Dal Political Science students Lydia Swiatkowski and Sarah Dobson would one day like to work in politics, and they'd prefer to do so on their own terms — as women.
Swiatkowski and Dobson are in Ottawa during International Women's Week this week to participate in the Daughters of the Vote leadership forum, a conference aimed at inspiring more young women to enter politics.
Organized by advocacy group Equal Voice, the five-day forum marks the centennial of the first women in Canada obtaining the right to vote. It does so by bringing 338 young women from across the country — one representing each federal riding — to Parliament Hill to meet like-minded individuals and discuss the topics they feel most passionate about.
Shining a light on underepresentation
Dobson and Swiatkowski, along with fellow Dal student Camille Horton-Poole, were invited there to represent three Nova Scotia ridings: Halifax West, West Nova, and Halifax, respectively. As participants, they’ll have the chance to present their own visions for Canada, hear from former Prime Minister Kim Campbell and Maryam Monsef, Canada’s current Minister of Status of Women, and to take their seats in the House of Commons — a symbolic gesture meant to shine a light on the continued underrepresentation of women in government.
Women make up more than 50 per cent of Canada’s population, yet still represent only 26% of elected Members of Parliament. Indigenous women only got suffrage in 1960. And Campbell, Canada’s only woman prime minister to date, was not elected until 1993 and served for less than a year.
So while the Forum is a celebration of voting rights for some Canadian women, the event is also meant to serve as a reminder that it was only a partial victory and that the country still has a long way to go to overcome the roadblocks for women.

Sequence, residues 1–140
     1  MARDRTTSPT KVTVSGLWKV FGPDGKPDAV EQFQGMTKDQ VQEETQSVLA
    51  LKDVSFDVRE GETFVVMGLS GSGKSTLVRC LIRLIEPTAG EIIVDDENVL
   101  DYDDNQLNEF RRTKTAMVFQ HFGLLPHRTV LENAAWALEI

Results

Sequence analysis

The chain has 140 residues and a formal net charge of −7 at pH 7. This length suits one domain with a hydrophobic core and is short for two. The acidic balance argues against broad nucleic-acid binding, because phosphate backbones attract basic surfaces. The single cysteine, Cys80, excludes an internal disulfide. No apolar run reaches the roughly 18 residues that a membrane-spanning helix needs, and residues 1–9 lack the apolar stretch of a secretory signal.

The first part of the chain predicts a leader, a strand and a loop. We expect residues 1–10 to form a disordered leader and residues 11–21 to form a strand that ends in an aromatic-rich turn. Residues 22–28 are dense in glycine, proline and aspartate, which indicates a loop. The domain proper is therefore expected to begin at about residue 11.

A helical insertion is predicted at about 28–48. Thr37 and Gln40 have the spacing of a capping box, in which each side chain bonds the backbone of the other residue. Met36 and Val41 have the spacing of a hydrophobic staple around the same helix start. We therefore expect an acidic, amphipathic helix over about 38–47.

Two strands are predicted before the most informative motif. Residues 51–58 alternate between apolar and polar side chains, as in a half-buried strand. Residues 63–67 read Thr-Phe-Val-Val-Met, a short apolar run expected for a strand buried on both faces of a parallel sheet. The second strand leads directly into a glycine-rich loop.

Fourth-year Dobson thinks those hurdles are mostly systemic, a realization she says has become more clear to her now that she’s nearing graduating.
“I’m kind of realizing that none of the higher positions in my field go to women,” she says. “And it’s like, am I only ever going to reach 70% of the top of this field? Can I aspire to be the Prime Minister, the person with the highest office?”
Forging a path for women
Dobson, an honours student and recipient of a scholarship in Women in Defense and Security studies, says she has found herself wondering more and more often if she may need to sacrifice some traits she deems feminine to be successful in politics.
“Can I show emotion? Can I care about my appearance? Can I say that I want a family and care about things outside of work and not be judged for that?” she wonders. “There’s still big dichotomy in my field in that women who do become successful have to downplay their feminine traits and try to fit in more with men.”
She says she’d like to forge a path where women can still be women in politics, where women can be opinionated and well-spoken and successful and have a family all at the same time.
Swiatkowski, a second-year honours student who once skipped class in high school to go meet former Prime Minister Campbell, thinks many women still struggle to see themselves being in or retaining positions of political leadership.
“We don’t have the same kind of role model that a white man has,” she says. “They’ve been doing this job for hundreds of years, so they just don’t have the same self-doubt.”
As a forum geared specifically towards encouraging more women to get elected into political office, Daughters of the Vote promises to leave Swiatkowski, Dobson, and Horton-Poole with plenty of ideas for keeping the fight of previous generations of women alive.
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